Charlotte Sabina

By almost any measure, Charlotte Sabina is a typical ten year-old girl. She lives in Manhattan with her parents and younger brother and has attended the same school since kindergarten. She plays tennis, lacrosse and flag football and she surfs competitively; she spends her free time playing in her tree house with her friends and her brother and she likes to dig her toes into the sand at the beach during the summer when she’s not training as a junior lifeguard. Most of all, Sabina has the joyous, short-attention span of a ten-year old. That is, unless she’s making music. When Charlotte Sabina sits down at the piano, a transformation comes over her. She suddenly displays an intensity and competence that artists twice her age struggle to find, working at her creations with a dogged determination that inspires awe in her teachers and her artistic collaborators.

Charlotte Sabina began to learn piano at seven years old and guitar when she was eight, and started composing music almost immediately. These early works were of a classical persuasion, influenced by her piano teacher and by trips to the New York Philharmonic. Charlotte wrote a piece for her father entitled “Father’s Day,” and played it for her music class at school. The piece itself and Charlotte’s emotional performance reinforced what her music teacher had already suspected, and prompted a letter home: Charlotte had something very special that must be nurtured.

Together teachers, family and friends encouraged Charlotte, but it was the music itself that drove her. She would play the piano in the middle of the night, to the chagrin of neighbors in her apartment building, and sneak away during recess to play in the school music room. Charlotte wrote a special piece for an all-school event for Grandparents’ Day, which would be Charlotte’s first formal performance. She dedicated the piece to her brother and left the audience breathless.

In the winter of 2010 Charlotte was selected to appear at the Guggenheim museum in New York in an interactive piece by Tino Sehgal. While not a musical exhibit, it was the first time Charlotte was exposed to how large audiences of strangers responded to art, and to the spoken word. At the same time Sabina’s friends, who were also intrigued by her burgeoning talent, encouraged her to begin writing pop songs and lyrics. Little did they know what they were setting in motion.

Sabina writes the sort of pop music that makes you happy; that makes you want to sing in the shower. In spite of her tender age, Sabina writes articulate songs full of brilliant hooks and emotion. If you were to hear a Charlotte Sabina song on the radio you’d assume it was written by an established 20-something artist. When you see the reality, you’ll be amazed. Unusual beauty and poise aside, Charlotte Sabina is an all-American ten year old girl.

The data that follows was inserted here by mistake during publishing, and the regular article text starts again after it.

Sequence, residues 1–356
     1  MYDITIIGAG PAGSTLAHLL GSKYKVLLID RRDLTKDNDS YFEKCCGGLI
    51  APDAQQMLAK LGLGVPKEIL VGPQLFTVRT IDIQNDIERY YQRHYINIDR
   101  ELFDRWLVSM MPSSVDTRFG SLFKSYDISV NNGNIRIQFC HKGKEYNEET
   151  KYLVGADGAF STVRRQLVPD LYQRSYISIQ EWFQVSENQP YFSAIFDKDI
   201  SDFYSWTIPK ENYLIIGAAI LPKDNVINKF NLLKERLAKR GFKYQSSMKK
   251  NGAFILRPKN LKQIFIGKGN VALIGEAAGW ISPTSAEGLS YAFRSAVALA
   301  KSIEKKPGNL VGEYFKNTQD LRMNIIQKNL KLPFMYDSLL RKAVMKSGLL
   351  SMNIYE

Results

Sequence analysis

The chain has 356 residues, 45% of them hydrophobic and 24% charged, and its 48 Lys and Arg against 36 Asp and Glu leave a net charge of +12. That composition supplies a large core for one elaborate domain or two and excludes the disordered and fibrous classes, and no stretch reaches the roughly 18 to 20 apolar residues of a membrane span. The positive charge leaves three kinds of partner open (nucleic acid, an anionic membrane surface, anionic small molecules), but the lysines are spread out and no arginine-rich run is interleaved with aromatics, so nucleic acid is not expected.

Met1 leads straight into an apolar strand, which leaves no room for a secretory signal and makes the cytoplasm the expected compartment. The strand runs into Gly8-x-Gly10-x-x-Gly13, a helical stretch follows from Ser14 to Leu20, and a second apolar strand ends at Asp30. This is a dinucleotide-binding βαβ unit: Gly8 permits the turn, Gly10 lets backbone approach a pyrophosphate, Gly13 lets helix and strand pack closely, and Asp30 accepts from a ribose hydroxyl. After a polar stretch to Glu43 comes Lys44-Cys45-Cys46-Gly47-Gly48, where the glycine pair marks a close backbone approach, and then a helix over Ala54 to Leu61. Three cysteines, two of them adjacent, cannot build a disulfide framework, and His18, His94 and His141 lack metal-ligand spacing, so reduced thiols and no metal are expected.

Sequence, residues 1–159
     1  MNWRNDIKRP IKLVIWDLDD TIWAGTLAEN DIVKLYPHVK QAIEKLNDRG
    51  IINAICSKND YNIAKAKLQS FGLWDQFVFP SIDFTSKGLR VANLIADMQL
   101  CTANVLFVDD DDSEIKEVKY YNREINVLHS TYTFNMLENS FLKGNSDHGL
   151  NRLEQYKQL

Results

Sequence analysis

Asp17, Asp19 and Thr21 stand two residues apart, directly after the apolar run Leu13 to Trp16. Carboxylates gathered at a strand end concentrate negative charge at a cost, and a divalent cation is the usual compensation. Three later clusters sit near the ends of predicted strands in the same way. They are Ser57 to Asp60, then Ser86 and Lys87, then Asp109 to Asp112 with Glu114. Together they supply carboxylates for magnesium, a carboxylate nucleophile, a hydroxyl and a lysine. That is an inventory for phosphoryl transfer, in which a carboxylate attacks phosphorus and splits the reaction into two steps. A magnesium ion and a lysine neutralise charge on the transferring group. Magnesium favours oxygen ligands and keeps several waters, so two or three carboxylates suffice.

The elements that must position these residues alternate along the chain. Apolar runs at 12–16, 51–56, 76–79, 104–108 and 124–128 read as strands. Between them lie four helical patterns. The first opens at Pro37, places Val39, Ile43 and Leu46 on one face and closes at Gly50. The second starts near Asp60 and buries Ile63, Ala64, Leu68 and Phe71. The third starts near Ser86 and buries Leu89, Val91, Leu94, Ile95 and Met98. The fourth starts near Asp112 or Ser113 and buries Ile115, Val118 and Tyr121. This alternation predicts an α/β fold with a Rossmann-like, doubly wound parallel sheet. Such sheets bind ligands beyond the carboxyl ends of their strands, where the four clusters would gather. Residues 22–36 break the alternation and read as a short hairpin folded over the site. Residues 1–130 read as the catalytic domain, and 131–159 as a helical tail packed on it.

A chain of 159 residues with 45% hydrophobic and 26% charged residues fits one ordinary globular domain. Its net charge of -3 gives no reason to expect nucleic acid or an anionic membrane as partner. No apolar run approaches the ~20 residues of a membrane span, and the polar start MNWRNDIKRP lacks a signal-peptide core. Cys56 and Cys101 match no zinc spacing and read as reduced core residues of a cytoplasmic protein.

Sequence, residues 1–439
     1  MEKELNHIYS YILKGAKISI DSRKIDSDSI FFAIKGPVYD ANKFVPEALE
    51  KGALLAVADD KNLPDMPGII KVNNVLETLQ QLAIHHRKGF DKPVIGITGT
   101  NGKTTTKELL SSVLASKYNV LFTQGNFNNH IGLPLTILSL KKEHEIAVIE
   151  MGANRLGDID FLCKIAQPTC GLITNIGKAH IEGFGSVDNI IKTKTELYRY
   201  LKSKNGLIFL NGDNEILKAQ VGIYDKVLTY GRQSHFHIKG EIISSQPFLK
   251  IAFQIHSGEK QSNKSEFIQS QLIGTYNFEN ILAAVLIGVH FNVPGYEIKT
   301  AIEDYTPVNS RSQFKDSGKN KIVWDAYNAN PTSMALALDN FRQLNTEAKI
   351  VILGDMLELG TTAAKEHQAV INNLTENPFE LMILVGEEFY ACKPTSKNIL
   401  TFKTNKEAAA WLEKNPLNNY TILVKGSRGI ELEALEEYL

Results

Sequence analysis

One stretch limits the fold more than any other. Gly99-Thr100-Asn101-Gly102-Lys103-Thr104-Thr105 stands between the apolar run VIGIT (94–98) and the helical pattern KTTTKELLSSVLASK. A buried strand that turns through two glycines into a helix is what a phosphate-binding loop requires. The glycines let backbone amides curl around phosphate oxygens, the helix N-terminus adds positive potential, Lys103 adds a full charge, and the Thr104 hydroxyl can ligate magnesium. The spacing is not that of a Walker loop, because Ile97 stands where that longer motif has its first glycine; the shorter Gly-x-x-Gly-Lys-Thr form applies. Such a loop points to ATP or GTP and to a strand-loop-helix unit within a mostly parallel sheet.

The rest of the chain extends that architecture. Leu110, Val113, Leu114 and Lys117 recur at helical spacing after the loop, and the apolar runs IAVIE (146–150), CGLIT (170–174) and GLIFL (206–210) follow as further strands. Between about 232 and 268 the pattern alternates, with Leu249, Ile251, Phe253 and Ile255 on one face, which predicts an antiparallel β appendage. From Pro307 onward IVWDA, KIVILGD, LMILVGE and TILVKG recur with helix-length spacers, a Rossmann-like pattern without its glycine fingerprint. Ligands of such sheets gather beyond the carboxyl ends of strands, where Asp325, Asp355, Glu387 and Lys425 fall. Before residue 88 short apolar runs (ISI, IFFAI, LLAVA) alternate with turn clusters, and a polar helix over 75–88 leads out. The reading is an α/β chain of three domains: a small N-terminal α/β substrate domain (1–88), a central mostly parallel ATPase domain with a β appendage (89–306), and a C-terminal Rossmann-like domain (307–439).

After seeing Sabina progress so far over her first two years as a musician, her parents surprised her for her tenth birthday with time in a professional recording studio. Working with producer/guitarist Jeffrey Lee Campbell (Jon Bon Jovi, Sting, Aretha Franklin, Michael Bublé), Sabina has begun to make good on the world of potential inside of her. With four pop songs under her belt to date (“Green,” “Moonlight,” the girl-rock anthem “Not the Girl,” and her second, tear-jerking dedication to her brother, “Partner in Crime” ) Sabina is deserving of the sort of buzz that launched artists such as Taylor Swift, Justin Bieber and Miranda Lambert. Some may think that a ten year old writing and performing is quaint, but those who listen will be humming and singing along with the pop incandescence of this young musician. You’ll cheer for the unconscious joy and innocent grace of . Charlotte Sabina. You can’t help but be moved.

With comparisons to artists such as Taylor Swift, Joan Jett and Fiona Apple, it seems like the world stands at the ready for Charlotte Sabina to take the stage. For the time being, however, music is her passion; not a business. Sabina acknowledges that she’d someday like to make music and perform as a career, but for now music is all about having fun; mastering the rules and then breaking them; creation.

Whether you come for the joy of youth, the magic of promise or the pure pop confections, a little time spent with Charlotte Sabina will make you feel like a kid again. Sabina is a reminder of all that’s good and pure in pop music, hearkening back to a time when songs on the radio were fun, rather than expositions of angst and sorrow. You can learn more about Charlotte Sabina on her website,, watch her videos on YouTube and download her songs on iTunes or Amazon (for now Charlotte is giving any money she makes to Doctors Without Borders). And the time will come when you’ll be able to find her in any major music store and see her on tour. Perhaps one day she’ll even realize her dream of appearing on Saturday night live. Not even the stars themselves seem out of reach for Charlotte Sabina.


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